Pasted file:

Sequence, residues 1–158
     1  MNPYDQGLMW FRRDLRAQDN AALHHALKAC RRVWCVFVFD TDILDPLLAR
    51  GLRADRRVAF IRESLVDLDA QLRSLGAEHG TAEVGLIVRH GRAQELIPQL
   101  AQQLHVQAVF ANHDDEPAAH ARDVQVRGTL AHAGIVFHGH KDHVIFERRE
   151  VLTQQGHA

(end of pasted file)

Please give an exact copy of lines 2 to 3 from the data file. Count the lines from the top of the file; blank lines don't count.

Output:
     1  MNPYDQGLMW FRRDLRAQDN AALHHALKAC RRVWCVFVFD TDILDPLLAR
    51  GLRADRRVAF IRESLVDLDA QLRSLGAEHG TAEVGLIVRH GRAQELIPQL